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Yes, they have drain holes, they are large, you can’t see in the OP’s photos, but you can fill the recesses up quickly if you just pour engine flush in straight from the can. I don’t think it’s a good idea to soak the valve seals in proprietary engine flush, that was my point.

If the holes get plugged? Unlikely, I don't see any filled up with oil in the OP’s photos, but if they do, then they ought to be unplugged. Not seen this problem. New one on me, but possible I suppose.
 

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Absolutely. A good burn up through the canyons helps. :D
Also missing FSS intervals. M113 doesn’t like short journeys and missing oil changes.
 

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Daimler specifically prohibits using any additives - I would just put in a quality oil and filter and change change every 2,000 miles or so for 3 times. I have used M1 in all my cars since the 1970s - here is the inside of my SL - M119 at about 150,000 miles
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Bill, we’re talking M113 not M119. Nice clean engine you got there.

The M113 doesn’t like short journeys. Some owners cannot easily change these habits, and no amount of oil changes will stave off piston ring damage and cylinder wall scoring. It could take 20 years to see any difference just increasing the frequency of oil changes, and the worst might catch up with the owner long before that.

MB’s solution to this was forced upon them by the O’Keefe law suit, but it wasn’t all good for customers. If MB could prove that the maintenance was not followed correctly, and reading the TSB they could be pedantic, there would be no action, and no further claims would be considered. If tests showed that oil consumption was acceptable, no further claims considered. If the oil consumption was found to be excessive it was down to the customer to pay for fixing a porous crankcase, cylinder heads, leaking seals, gaskets, o-rings before MB would replace long blocks and piston rings. So the customer had one shot and he/she had to time it very carefully, all the while he/she was likely to have been locked into a maintenance agreement just to satisfy the criteria.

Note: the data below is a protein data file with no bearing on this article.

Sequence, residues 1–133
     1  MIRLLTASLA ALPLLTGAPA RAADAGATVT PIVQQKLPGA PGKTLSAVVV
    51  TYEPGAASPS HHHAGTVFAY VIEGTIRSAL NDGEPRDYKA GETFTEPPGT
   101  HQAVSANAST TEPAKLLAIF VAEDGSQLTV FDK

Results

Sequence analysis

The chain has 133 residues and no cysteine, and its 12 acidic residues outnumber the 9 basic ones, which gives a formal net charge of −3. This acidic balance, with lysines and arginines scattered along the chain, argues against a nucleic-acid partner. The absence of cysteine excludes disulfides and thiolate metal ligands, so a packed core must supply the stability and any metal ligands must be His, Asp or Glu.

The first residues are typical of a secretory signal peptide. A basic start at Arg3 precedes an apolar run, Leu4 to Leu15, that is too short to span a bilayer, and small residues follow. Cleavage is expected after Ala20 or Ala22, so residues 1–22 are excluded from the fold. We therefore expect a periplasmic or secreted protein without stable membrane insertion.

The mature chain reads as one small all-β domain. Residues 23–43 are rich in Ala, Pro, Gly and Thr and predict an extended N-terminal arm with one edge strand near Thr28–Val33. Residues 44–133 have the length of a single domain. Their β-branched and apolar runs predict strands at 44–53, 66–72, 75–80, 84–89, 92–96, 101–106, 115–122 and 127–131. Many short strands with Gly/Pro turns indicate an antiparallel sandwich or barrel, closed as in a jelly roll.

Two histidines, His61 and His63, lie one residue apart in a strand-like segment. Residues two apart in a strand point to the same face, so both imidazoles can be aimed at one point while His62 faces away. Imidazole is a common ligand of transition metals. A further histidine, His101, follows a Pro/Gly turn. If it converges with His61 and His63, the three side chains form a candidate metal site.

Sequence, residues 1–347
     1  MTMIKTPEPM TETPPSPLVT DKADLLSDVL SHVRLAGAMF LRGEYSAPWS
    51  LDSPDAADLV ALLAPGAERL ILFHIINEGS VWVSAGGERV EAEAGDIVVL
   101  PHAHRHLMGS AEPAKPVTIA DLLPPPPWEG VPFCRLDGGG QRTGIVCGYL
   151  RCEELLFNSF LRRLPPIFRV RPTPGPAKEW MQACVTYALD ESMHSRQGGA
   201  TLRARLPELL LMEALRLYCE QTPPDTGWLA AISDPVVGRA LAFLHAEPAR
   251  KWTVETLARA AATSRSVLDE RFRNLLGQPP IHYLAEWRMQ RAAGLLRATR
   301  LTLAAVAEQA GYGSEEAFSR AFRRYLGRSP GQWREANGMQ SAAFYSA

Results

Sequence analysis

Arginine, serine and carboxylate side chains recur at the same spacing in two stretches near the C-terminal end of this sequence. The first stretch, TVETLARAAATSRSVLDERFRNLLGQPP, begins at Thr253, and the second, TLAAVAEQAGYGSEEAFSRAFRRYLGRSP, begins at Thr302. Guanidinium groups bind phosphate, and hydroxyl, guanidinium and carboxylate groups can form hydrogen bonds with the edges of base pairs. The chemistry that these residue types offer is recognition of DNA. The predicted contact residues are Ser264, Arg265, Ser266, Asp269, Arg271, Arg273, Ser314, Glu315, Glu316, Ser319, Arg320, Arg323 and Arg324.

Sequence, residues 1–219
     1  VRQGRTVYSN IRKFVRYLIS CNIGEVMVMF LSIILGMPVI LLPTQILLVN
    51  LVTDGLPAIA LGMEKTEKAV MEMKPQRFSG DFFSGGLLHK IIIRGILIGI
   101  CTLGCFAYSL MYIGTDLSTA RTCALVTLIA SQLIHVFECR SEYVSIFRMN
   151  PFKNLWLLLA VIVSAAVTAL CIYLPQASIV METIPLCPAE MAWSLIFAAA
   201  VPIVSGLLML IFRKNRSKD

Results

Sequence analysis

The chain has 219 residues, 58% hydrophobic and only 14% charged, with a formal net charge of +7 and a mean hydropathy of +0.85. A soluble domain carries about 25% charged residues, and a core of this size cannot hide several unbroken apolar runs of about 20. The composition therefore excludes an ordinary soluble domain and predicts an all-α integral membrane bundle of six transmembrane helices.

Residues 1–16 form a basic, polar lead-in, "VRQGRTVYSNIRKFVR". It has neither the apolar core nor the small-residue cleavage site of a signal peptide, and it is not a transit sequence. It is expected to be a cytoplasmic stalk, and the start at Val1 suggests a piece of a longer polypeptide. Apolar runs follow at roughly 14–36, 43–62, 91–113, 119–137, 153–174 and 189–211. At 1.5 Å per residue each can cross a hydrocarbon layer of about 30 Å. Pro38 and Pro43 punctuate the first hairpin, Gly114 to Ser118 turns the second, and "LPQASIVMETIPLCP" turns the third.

In essence it appears that help was all or nothing, and probably more likely nothing for customers facing problems with their M113 (and M112) under warranty.

So I suppose my question is - would you stick to ‘Daimler’s prohibition’, which of course could not have foreseen this problem? Or would you heed the advice of experienced technicians and use a suitable engine flush during oil changes on M113 engines that have sludge and high oil consumption?
 

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Discussion Starter · #20 ·
Bill, we’re talking M113 not M119. Nice clean engine you got there.

The M113 doesn’t like short journeys. Some owners cannot easily change these habits, and no amount of oil changes will stave off piston ring damage and cylinder wall scoring. It could take 20 years to see any difference just increasing the frequency of oil changes, and the worst might catch up with the owner long before that.

MB’s solution to this was forced upon them by the O’Keefe law suit, but it wasn’t all good for customers. If MB could prove that the maintenance was not followed correctly, and reading the TSB they could be pedantic, there would be no action, and no further claims would be considered. If tests showed that oil consumption was acceptable, no further claims considered. If the oil consumption was found to be excessive it was down to the customer to pay for fixing a porous crankcase, cylinder heads, leaking seals, gaskets, o-rings before MB would replace long blocks and piston rings. So the customer had one shot and he/she had to time it very carefully, all the while he/she was likely to have been locked into a maintenance agreement just to satisfy the criteria.

In essence it appears that help was all or nothing, and probably more likely nothing for customers facing problems with their M113 (and M112) under warranty.

So I suppose my question is - would you stick to ‘Daimler’s prohibition’, which of course could not have foreseen this problem? Or would you heed the advice of experienced technicians and use a suitable engine flush during oil changes on M113 engines that have sludge and high oil consumption?
Good points. I am going to check this oil consumption first and then take into the unknown with nothing to lose.

Thank you everyone!